Why I Am Running For The Oceans [VIDEO]
Matteo Brusa tells his story of being the last man running at the adidas HQ to raise awareness for marine plastic pollution.
The event is over. The music has stopped. The stadium where 2,500 people were running for the oceans is empty as I enter through the tunnel for a final lap. It felt natural for me to run, and run, and run, even when everyone else had long gone home.
And this is why:
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Read the full transcript of my story below:
I’m reading bedtime stories to my kids and sometimes they want to read books about the origin of our planet, the dinosaurs, and you really realize, life comes from the ocean. Last summer, I went to the seaside. The beaches themselves are so full of trash. What have we done there? The plastic doesn’t come to the oceans by itself. It’s about the rivers collecting the plastic and bringing it to the oceans.
It’s not an explicit decision that we’ve taken, it’s the consequence of many, many acts that we’ve undertaken. And I say to myself: not with me. I don’t want to do this anymore. I don’t want to be part of this. I respect the nature. I respect the oceans, the air, the water that we’re drinking. It’s not just for us. We have generations coming after us.
Whenever I was coming back from the beach, together with my kids, we had these very sturdy beach bags, and we were filling them with whatever we were finding. And in the end, taking photos, look, how much did we take today?
When I heard about Run for the Oceans, I thought this is something that can resonate with the people. Last year, there was this container with documentary material about oceans. If you’re running, it changes yourself. You’re doing it and you get aware of the problem.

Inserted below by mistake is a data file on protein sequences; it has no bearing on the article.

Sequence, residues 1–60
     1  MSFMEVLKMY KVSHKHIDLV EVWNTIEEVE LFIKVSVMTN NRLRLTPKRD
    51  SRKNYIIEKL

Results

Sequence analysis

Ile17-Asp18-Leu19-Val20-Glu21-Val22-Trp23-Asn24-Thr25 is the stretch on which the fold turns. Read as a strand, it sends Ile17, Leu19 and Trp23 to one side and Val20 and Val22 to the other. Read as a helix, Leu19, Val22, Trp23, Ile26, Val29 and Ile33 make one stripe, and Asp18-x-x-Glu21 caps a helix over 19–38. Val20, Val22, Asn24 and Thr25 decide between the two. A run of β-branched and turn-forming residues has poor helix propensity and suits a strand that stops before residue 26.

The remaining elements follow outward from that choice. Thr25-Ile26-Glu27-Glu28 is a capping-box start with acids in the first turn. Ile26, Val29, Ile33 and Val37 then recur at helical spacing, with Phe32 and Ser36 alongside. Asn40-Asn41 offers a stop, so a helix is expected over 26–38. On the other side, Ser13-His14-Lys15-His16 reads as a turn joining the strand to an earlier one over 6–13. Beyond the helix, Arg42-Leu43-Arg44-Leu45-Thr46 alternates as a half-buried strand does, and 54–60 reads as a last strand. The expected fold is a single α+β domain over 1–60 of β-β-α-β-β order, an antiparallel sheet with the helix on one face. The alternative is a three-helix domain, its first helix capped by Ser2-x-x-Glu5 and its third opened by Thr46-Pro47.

It was a very hot day I remember. You don’t know how many people work at adidas until you see them all together in the stadium. That was so cool. I have never seen that. It felt like being in a movie.
We all started from the stadium and we had to pass down through the tunnel and there were people up there, looking down at you, cheering you up, go, go, go. You feel like a gladiator. And then the adrenalin starts pumping and you get into to the zone, your pace zone. After the loop, coming back onto the campus, the route was coming to a crossing.
Right – another loop. Left – to the stadium. It was a no-brainer. Another loop and another loop. It felt natural to run and run, until I had the energy in my legs. At the end, I entered the stadium, I did half a loop, I look back and there was nobody. It felt like a moment where I said, “Okay, I’ve done my part. I’m happy to have done my thing.”
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We care about it, our consumers care about it, so we have to take action. You don’t have to be a very passionate runner to do it. 3K – anybody can do it. You can even walk. The benchmark is not about how many kilometers I’m going to run. It’s about how many people I’m going to bring with me.
This is a statement. You have to decide whether you are for the environment or you just don’t care. And I’m not really a fanatic tree hugger, but the direction, the vision is clear. I want to save this planet. If everybody helps me as well, we will do it.